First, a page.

Mario Orazio /
06.26.2012 01:00 PM
What Spectrum Crisis?
How about a crisis of integrity?
might not have noticed, but there is a ginormous amount
ofpressure being applied to
broadcasters to auction off their
spectrum and consolidate their
signals on fewer RF channels. Now,
Mario enjoys watching MPEG artifacts
as much as the next viewer, but if
these guys have their way, all the television stations in a given market will try to squeeze onto a single 6 MHz channel, and everyone will have to watch on a Dick Tracy wrist TV with a display 30 pixels wide, ’cuz with that kind of bandwidth limitation, even a smartphone-sized screen, will produce images that look like a
Former FCC Commissioner
Michael Copps recently said on
C-SPAN that he thinks there is an abundance of spectrum that
ain’t being used: “There is alot of spectrum out there, and I don’t
think anybody in the United States
has very much of a clue exactly
how much spectrum is lying
April, Verizon announced it planned to
sell portions of spectrum it owns in a number of major markets; spectrum it purchased at FCC auction in 2008 and has been warehousing since. Said sale is contingent on Verizon’s getting
approval to buy spectrum from four
Certainly appears to Mario that
Verizon has been sitting on unused spectrum
for four years.
Further, no lesser figure than Martin Cooper, formerly of Motorola and named as the inventor of the cellphone, doesn’t think there’s a
spectrum crisis, least ways not one
that we can’t innovate
our way out of.
an interview with The New York Times,
Cooper said, “Somehow in the last 100 years, every time there is a problem of getting more spectrum, there is a technology that comes along that solves that problem.” He cited technological developments such as improved antennas and techniques to offload mobile traffic to Wi-Fi networks, which, he says, could multiply the number of devices carriers can serve by a factor of at least 10. He specifically recommends the use of smart antennas on cell towers, which, rather than radiating in all directions, would direct RF energy at the phones in use.
Mr. Cooper further said, “Every
two-and-a-half years, every
spectrum crisis has gotten solved,
and that’s going to keep happening. We already know today what the solutions are for the next 50 years.”
David P. Reed, one of
the original architects of the
Internet and a former MIT computer
engineering professor, argues that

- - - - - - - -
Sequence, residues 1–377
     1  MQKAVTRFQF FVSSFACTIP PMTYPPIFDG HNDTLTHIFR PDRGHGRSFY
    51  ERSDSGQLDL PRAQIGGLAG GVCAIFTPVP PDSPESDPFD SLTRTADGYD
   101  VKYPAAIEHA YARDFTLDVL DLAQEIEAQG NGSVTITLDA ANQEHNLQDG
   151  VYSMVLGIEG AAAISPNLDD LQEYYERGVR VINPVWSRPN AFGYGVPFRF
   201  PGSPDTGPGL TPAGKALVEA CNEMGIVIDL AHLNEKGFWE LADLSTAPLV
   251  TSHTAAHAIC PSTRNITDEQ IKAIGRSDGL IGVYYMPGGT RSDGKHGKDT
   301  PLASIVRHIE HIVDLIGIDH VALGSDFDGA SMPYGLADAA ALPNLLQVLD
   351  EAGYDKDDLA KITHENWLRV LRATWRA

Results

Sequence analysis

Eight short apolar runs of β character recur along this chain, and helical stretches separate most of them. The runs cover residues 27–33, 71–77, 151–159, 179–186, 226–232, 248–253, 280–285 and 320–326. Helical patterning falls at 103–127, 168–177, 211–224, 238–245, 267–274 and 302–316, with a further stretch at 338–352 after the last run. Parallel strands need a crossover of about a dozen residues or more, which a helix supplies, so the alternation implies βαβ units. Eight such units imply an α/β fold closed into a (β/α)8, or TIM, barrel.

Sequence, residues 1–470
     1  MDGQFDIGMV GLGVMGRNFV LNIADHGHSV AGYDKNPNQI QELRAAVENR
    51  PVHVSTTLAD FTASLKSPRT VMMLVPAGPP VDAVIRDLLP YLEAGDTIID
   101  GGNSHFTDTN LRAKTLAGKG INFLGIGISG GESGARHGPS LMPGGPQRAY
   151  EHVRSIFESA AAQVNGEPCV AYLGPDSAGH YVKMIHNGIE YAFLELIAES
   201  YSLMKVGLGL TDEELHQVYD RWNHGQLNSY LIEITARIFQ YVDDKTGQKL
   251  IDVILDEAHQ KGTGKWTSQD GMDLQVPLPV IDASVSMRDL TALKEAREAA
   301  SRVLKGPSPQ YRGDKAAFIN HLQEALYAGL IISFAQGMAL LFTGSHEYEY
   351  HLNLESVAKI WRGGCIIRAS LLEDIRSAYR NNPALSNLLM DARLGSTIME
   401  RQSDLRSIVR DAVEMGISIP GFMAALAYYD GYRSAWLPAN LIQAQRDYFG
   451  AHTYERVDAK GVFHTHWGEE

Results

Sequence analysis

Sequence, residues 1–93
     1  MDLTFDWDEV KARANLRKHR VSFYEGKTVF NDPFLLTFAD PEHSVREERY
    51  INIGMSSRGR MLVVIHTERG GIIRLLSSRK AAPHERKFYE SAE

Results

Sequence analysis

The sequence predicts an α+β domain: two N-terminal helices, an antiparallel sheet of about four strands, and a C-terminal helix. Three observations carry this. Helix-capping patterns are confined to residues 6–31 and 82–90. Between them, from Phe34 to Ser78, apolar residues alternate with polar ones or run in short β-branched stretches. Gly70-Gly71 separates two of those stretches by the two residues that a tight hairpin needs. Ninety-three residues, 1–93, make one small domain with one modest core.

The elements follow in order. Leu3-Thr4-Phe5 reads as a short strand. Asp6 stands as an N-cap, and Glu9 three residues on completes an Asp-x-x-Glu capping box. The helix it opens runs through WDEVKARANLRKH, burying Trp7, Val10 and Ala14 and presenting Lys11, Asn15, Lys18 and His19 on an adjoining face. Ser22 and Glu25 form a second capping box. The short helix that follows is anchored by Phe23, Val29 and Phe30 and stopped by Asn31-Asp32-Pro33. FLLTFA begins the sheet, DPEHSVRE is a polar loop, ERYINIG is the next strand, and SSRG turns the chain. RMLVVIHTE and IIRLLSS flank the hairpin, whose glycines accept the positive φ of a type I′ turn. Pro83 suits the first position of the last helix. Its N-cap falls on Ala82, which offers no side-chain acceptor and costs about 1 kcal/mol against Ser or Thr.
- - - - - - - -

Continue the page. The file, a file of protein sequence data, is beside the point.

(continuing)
saying a nation could run out of spectrumis like saying it could run out of a color, as spectrum is not finite.
Reed states there are technologies
for transmitting and receiving
signals that do not interfere with
each other, and that the real
reason cell carriers want to control spectrum is to keep it out of the hands of others and thereby protect their businesses.
And he ain’t
the only one. The NAB has called
for a “fulsome inventory” (methinks “complete inventory” would better convey the message, in light of the many definitions of “fulsome,” none
of which really applies), to
determine once and for all whether
there is really a spectrum shortage,or if spectrum is being hoarded to limit competition.
The NAB has specifically stated that, based on public comments made by company executives in published reports, some companies are “hoarding”
In late May, a report from a presidential advisory committee was completed, and publicly presented to the President’s Councilof Advisors on Science and Technology, aka PCAST, and will be presented to POTUS himself in June. The authors of said report include, among others, Eric Schmidt, chairman of Google; and Craig Mundie, chief research and strategy officer of Microsoft.
These authors believe
that computerized, agile radio
systems can share spectrum on a
vastly more efficient basis, which “would
make it possible to move from an era
of scarcity to one of abundance.”
The report concludes that radio spectrum could be used as much as 40,000 times more efficiently than it is currently used, and it recommends an approach that could increase capacity 1,000-fold. This
efficiency would be achieved by
agile techniques that rapidly
switch the frequencies on which a
device transmits and receives based
on a set of rules.
this is an important issue to us broadcaster
types, and there is enough smoke
here to warrant checking for fire. Keep
an eye on this one, dear readers.
The FCC’s zeal to promote channel-sharing pretty much runs in direct oppositionto what it said back in 1997, when it rejected arguments for TV channels less than 6 MHz wide, saying that the use of a full 6 MHz channel is “necessary to
provide viewers and consumers the
full benefits of digital
television made possible by the DTV
Standard, including high-definition television, standard-definition television and other digital services. The DTV Standard was premised on the use of 6MHz channels. To specify a different channel size… would not promote [the
FCC’s] goals in adopting
the DTV Standard.”
Fifteen years later, the FCC has sure changed its tune. And by the way, there has not been one single broadcaster on the FCC since James Quello retired back in 1998. Coincidence?
Mario Orazio is the pseudonym of a well-known television engineer who wishes to remain anonymous. E-mail him at firstname.lastname@example.org.